Range Report: Browning Ammunition

Plated cartridge of Browning amunition

Over the past century, many gun makers have offered their own branded ammunition. Among the most successful have been Remington and Winchester. A few makers have offered ammunition made by outside vendors, including Smith and Wesson and Taurus. In these cases, things did not go as well. Browning, however, is another story.

Using ammunition from a proven source for training, competition, and personal defense is important. Browning branded ammunition is unique and useful—offering choices not found in other lines. Browning relies upon Winchester-Olin to produce these loads. Quality is assured and arguably as good as it gets. Browning offers ammunition for handguns, rifles, and even shotguns. I have been able to test several hundred rounds of 9mm and .45 ACP and find it good.

The handgun loads are offered in two variations. One is for personal defense and the other for practice. By far, the useful and affordable FMJ loads will be the most used. All Browning ammunition is loaded in cartridge cases that have been given a black nickel plate. This plate gives the Browning loads a trademark look, and it should give an edge in smooth feeding.

The .45 ACP load features a 230-grain bullet with a flat nose. The 9mm loads use a 147-grain flat point rather than the traditional 115- or 124-grain pointed FMJ bullet used in most burner loads. The long bearing surface of the 147-grain FMJ offers good practical accuracy and stakes out a place for Browning for potentially match grade 9mm ammunition.

Open box of Browning Ammunition
Browning FMJ loads are a good training resource.

The BXP loads use a specially designed, hollow-point projectile. The X bullet is plated, similar to the Winchester Silvertip in appearance, but different in design. The hollow point nose features a latticework, or web, inside the hollow nose. This design is intended to offer improved penetration and expansion compared to the standard Winchester Silvertip that has been so successful. These loads are offered in .380 ACP, 9mm Luger, .40 Smith and Wesson and .45 ACP.

I was able to test several hundred FMJ rounds in 9mm and .45, and the hollow point load in .45 ACP. I fired the 9mm in several of my 9mm Luger handguns. I have more 9mm caliber pistols than anything else, and the test gave interesting results. Even the stubby compact Glock 43 exhibited good accuracy.

I fired for accuracy using a pistol rest. The 147-grain load offers mild recoil, good accuracy, and a full powder burn. A clean-burning load is important when you are firing many rounds in competition. Performance cannot be faulted and velocity is within the normal range for 147-grain 9mm loads.

Browning ammunition with handgun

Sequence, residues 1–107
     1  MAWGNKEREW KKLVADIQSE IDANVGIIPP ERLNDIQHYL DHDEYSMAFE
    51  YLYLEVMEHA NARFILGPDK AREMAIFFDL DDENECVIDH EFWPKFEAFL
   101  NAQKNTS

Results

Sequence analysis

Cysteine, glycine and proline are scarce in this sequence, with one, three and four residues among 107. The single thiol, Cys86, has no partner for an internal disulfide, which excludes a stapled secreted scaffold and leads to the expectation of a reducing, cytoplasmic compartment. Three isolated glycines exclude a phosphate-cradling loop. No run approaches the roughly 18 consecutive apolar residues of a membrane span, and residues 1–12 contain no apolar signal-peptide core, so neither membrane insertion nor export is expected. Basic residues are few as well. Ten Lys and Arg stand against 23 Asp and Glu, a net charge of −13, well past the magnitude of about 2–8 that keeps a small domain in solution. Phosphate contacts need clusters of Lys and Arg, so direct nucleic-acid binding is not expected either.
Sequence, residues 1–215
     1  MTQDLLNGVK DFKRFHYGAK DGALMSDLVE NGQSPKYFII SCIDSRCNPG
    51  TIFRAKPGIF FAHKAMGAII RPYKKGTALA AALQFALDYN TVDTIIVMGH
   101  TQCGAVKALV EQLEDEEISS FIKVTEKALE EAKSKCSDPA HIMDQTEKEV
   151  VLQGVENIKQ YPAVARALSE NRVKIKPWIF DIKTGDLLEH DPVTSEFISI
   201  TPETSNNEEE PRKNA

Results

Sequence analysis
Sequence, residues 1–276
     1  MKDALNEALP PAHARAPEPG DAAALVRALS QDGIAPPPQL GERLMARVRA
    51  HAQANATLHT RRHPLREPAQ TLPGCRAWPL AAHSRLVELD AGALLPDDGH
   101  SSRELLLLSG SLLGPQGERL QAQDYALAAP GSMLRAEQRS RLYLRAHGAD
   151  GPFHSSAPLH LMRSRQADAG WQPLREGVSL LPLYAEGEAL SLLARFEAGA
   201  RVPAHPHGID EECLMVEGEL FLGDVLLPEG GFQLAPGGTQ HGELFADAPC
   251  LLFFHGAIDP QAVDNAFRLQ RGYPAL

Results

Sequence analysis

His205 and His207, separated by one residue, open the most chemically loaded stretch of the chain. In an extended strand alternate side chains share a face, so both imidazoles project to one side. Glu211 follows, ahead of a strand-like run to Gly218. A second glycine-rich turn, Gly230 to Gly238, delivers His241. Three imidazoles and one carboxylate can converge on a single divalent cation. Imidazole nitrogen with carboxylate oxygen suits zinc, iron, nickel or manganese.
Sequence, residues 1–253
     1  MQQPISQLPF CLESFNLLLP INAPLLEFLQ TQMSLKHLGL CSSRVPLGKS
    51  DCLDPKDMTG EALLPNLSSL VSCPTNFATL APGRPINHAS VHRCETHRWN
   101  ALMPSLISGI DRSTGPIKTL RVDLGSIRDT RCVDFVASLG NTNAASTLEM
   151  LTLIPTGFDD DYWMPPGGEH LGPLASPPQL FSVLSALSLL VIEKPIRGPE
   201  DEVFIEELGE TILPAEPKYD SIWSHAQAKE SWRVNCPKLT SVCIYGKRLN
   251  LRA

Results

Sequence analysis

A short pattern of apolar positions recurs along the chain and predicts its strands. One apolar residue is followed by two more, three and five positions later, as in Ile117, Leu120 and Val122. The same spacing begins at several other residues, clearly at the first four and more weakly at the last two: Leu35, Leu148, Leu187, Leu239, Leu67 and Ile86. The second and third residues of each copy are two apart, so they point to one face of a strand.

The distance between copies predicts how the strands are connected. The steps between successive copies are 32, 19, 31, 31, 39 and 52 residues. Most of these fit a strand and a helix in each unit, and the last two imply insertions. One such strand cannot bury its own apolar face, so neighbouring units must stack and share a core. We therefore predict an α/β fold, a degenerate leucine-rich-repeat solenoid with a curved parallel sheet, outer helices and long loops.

Browning ammunition gave excellent results in several handguns.

The .45 ACP 230-grain FMJ is a bit faster than many generic ball loads. For those using the .45 ACP as an outdoors handgun, this may have appeal. With some generic ball running 820 fps, the 870 fps Browning load has a pleasant thump when used against steel gongs. This would also be a good factory load for use in bowling pin matches.

Accuracy is good and the powder burn is clean. Moving to the defensive loads, I found the 230-grain hollow point just slightly slower than the FMJ load, and this is often due to differences in lots. A plus or minus variation of 20 fps isn’t unusual in factory ammunition from the same maker.

This load demonstrated superior accuracy. I fired this load in the pistol rest by taking careful aim, and was rewarded with good results from several handguns. I also fired a few rounds in water testing. This isn’t gelatin testing but neither is a human body. Each offers a rough idea of bullet expansion. The Browning X bullet penetrated to 18 inches and expanded well. This is viable, even excellent performance for a defense load. The Browning ammunition line gets a clean bill of health and seems a good value.

9mm 147-grain

Loading and Gun Average Velocity 25-yard Group
Glock 17 Vickers Tactical 985 fps 3.25 inches
Glock 43 966 fps 4.65 inches
CZ P10C 981 fps 2.75 inches
CZ P01 969 fps 1.9 inches
AREX Rex Zero 1 970 fps 2.25 inches
Ruger SR1911 955 fps 2.5 inches
Wilson Combat EDC X9 939 fps 1.65 inches

.45 ACP 230-grain FMJ

Loading and Gun Average Velocity 25-yard Group
Kimber Custom II 890 fps 2.0 inches
Colt Series 70 878 fps 2.5 inches
Rock Island Commander 840 fps 4.0 inches
STI Spartan 873 fps 3.0 inches
SIG P220R 832 fps 2.0 inches

.45 ACP 230-grain X Hollow Point

Loading and Gun Average Velocity 25-yard Group
Kimber Custom II 865 fps 1.9 inches
SIG P220R 850 fps 1.7 inches

Which brand of ammunition do you prefer? How does it compare to Browning? Share your answers in the comment section.

About the Author:

Bob Campbell

Bob Campbell’s primary qualification is a lifelong love of firearms, writing, and scholarship. He holds a degree in Criminal Justice but is an autodidact in matters important to his readers. Campbell considers unarmed skills the first line of defense and the handgun the last resort. (He gets it honest- his uncle Jerry Campbell is in the Boxer’s Hall of Fame.)

Campbell has authored well over 6,000 articles columns and reviews and fourteen books for major publishers including Gun Digest, Skyhorse and Paladin Press. Campbell served as a peace officer and security professional and has made hundreds of arrests and been injured on the job more than once.

He has written curriculum on the university level, served as a lead missionary, and is desperately in love with Joyce. He is training his grandchildren not to be snowflakes. At an age when many are thinking of retirement, Bob is working a 60-hour week and awaits being taken up in a whirlwind many years in the future.

Published in
Black Belt Magazine
Combat Handguns
Rifle Magazine
Gun Digest
Gun World
Tactical World
SWAT Magazine
American Gunsmith
Gun Tests Magazine
Women and Guns
The Journal Voice of American Law Enforcement
Police Magazine
Law Enforcement Technology
The Firearms Instructor
Tactical World
Concealed Carry Magazine
Concealed Carry Handguns

Books published

Holsters for Combat and Concealed Carry
The 1911 Automatic Pistol
The Handgun in Personal Defense
The Illustrated Guide to Handgun Skills
The Hunter and the Hunted
The Gun Digest Book of Personal Defense
The Gun Digest Book of the 1911
The Gun Digest Book of the 1911 second edition
Dealing with the Great Ammunition Shortage
Commando Gunsmithing
The Ultimate Book of Gunfighting
Preppers Guide to Rifles
Preppers Guide to Shotguns
The Accurate Handgun